The past few years have seen a boom in venture capital funding in the biotechnology sector. VCs invested $35 billion into biotechnology companies between 2019 and 2021. With a global market value of $1.37 trillion as of 2022, the market is expected to reach a compound annual growth rate of 13.96% between now and 2030.
Biotechnology is a cutting-edge area of science that uses living organisms and biological processes to create innovative solutions for a huge range of industries and applications. Biological systems and techniques are used to develop and improve products, processes, and services.
As the name suggests, biotechnology merges biology with technology, enabling scientists and innovators to manipulate living organisms at a molecular level, involving other disciplines including genetic engineering, bioinformatics, molecular biology, and synthetic biology.
The industry has, among other things, revolutionized medicine, leading to the development of vaccines, new drugs, and therapies. Biotech also promotes scientific discoveries and innovation, fostering the growth of new technologies and approaches in numerous fields.
As a result, it’s attracted significant investments worldwide, taking various forms such as equity investments, venture capital funding, private placements, or public offerings. The type of investment depends on the specific stage of development and the nature of the biotechnology endeavor.
Recent Biotech Investments by Armistice Capital, Madison Avenue, and Others
There’s been a spate of biotech investments in 2023 from various venture capital firms including Armistice Capital, Madison Avenue Partners, Invus, and others.
One of the most notable investments of this year was the $212 million financing of Gossamer Bio, a clinical-stage biopharmaceutical company engaged in the development and commercialization of its proprietary drug seralutinib for the treatment of pulmonary arterial hypertension.
Another major biotech investment was the $75 million financing of IO Biotech. This clinical biopharmaceutical company is leading the advancement of novel immune-modulating cancer vaccines based on its T-win technology platform. This investment, again, involved Armistice Capital along with partners including Vivo Capital.
5 Biotech Investment Trends for 2024
Looking ahead, here are five trends popping up in the biotech landscape.
1. Fewer IPOs
A considerable 180 biotechnology companies went public between 2020 and 2021, but only 22 achieved the same in 2022. This slowdown can be attributed to the fact that existing public biotechs are struggling to maintain their value, coupled with regulatory setbacks.
As a result, analysts believe there will be a return to a more measured pace of initial public offerings going into 2024 and beyond. Despite this, dealmaking is expected to accelerate as large pharma companies actively explore partnerships with startups.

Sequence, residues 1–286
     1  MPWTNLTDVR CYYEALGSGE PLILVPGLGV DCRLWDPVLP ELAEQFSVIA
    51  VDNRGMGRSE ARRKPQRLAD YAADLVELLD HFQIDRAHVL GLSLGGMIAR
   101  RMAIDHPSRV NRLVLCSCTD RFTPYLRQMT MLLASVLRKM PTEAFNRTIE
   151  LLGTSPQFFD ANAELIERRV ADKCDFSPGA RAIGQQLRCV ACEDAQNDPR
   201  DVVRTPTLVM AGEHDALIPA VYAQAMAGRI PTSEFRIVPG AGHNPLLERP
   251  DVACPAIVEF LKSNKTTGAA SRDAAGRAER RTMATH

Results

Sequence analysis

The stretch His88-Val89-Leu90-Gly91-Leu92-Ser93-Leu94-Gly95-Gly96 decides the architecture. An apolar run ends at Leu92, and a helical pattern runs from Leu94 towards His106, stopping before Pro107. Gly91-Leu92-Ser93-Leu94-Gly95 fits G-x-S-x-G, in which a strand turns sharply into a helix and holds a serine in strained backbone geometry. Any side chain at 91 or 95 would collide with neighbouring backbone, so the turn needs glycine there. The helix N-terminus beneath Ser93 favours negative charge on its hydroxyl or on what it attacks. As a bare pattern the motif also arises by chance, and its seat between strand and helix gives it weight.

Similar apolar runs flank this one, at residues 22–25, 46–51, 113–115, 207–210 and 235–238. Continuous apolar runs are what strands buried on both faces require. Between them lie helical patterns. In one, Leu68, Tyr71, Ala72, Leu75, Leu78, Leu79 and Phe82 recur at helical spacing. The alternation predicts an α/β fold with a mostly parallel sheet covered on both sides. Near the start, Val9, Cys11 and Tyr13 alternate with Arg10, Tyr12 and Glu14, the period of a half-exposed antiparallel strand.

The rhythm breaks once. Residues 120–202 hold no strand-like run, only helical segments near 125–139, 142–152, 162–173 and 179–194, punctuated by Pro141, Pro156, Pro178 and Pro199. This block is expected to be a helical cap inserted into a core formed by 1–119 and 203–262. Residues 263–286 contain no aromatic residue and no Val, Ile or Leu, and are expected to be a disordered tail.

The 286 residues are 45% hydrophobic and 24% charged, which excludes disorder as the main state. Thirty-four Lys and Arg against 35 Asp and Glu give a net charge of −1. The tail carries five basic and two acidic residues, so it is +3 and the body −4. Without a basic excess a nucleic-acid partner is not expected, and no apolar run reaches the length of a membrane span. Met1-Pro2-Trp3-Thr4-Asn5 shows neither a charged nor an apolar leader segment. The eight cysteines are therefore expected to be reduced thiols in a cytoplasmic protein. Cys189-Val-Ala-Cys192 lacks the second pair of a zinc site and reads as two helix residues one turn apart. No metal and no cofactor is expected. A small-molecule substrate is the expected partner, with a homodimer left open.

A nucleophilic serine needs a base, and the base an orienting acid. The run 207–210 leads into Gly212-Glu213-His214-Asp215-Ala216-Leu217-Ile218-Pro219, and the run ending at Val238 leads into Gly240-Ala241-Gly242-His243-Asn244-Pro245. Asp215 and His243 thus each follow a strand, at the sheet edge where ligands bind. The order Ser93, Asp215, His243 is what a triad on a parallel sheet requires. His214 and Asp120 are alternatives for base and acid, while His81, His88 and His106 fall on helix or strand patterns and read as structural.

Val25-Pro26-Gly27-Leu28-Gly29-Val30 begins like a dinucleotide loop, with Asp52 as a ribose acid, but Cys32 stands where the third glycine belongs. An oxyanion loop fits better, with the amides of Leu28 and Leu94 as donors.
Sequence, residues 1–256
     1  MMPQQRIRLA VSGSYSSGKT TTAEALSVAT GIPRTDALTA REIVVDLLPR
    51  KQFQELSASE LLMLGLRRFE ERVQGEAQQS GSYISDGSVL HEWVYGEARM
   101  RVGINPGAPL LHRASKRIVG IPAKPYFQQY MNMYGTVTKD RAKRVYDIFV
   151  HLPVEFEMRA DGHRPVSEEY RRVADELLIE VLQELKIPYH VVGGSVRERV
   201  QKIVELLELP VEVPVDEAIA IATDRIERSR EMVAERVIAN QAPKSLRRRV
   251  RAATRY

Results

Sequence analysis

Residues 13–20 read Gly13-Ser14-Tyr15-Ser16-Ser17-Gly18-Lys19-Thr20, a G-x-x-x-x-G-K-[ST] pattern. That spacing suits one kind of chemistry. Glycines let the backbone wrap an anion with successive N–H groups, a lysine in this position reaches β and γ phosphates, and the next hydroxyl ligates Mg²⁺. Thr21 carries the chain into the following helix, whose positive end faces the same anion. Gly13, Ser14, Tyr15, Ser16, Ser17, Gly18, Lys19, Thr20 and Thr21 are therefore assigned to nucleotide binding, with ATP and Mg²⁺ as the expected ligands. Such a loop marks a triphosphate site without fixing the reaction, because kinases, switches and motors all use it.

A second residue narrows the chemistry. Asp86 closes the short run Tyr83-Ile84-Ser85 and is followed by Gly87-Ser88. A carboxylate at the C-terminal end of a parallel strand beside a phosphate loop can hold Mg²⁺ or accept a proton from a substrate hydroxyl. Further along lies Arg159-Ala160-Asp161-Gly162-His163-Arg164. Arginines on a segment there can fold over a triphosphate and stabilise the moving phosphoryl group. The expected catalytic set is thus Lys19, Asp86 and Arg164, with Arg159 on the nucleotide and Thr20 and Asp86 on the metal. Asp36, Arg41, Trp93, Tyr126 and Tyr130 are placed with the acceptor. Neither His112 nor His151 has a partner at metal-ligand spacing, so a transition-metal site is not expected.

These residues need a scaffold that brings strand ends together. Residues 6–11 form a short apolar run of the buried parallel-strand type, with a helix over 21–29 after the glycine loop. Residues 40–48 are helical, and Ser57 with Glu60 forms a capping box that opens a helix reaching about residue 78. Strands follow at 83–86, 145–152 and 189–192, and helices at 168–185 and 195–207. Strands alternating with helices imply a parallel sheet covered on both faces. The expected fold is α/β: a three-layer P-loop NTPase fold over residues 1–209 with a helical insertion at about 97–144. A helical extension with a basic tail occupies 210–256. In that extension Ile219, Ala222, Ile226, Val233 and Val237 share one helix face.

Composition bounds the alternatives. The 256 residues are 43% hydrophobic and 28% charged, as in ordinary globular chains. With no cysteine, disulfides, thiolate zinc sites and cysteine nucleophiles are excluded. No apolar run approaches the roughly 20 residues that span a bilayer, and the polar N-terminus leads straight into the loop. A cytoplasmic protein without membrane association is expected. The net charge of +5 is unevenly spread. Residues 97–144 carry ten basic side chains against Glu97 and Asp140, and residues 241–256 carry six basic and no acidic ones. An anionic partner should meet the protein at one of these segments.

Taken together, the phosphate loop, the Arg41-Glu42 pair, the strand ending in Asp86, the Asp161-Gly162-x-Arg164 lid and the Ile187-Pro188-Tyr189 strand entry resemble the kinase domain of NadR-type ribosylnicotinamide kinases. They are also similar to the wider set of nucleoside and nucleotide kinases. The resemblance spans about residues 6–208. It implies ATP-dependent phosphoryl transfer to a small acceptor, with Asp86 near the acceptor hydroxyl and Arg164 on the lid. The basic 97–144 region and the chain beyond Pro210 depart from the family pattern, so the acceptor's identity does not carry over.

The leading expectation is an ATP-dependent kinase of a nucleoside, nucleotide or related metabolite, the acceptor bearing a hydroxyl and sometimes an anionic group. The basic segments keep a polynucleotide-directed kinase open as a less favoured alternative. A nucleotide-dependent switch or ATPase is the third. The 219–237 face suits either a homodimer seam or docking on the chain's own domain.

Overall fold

2. More Licensing Activity
Mixed market projections concerning licensing ruled in 2023, with investors closely scrutinizing collaborative efforts. That said, several notable biotech licensing deals are already underway.
Moderna, renowned for its coronavirus vaccine, signed a collaboration agreement with CytomX Therapeutics to expand its presence in the oncology sector. Meanwhile, Eli Lilly has announced its plan to acquire Sigilon, a biopharmaceutical company developing encapsulated cell therapies. The announcement led to a 691% surge in Sigilon’s stock in June.
3. More ‘Omics’ Focus
The so-called “omics” field attracted more than $2.4 billion in VC funding in 2022. Catalyzed by the pandemic, the omics field concerns genomics, metabolomics, proteomics, and transcriptomics, delving into cellular analysis to understand the root causes of diseases and develop effective treatments. As a market, it’s nearly tripled since 2019.
Omics is set apart by its potential to revolutionize medicine. Rather than relying solely on traditional parameters such as blood pressure or body temperature, doctors will, in theory, be able to explore each patient’s individual cells, paving the way for truly personalized medicine.
4. AI and ML
Artificial intelligence and machine learning continue to find applications in a wide range of sectors, particularly biotech. VCs are therefore likely to continue to pour investments into AI and ML biotechnology companies.
To date, AI and ML have been widely used by biotechnology companies to improve the automation of various operations and processes. AI, for example, can be used to find biomarkers for use in the development of drugs and diagnostics. AI algorithms can also be used to identify human disease characteristics for illnesses such as cancer.
5. Big Data
There’s never been more data available for biotech analysis than there is now. With the integration of technologies such as sensors and smart technology, scientists are now in a position where they have unprecedented access to data.
This naturally leads to data privacy, storage, and security challenges, and specialist startups are rising in a bid to improve the management and preservation of sensitive patient data. Firms are also using big data to develop better and safer treatments for patients and developing ways to improve patient results and outcomes for existing treatments.
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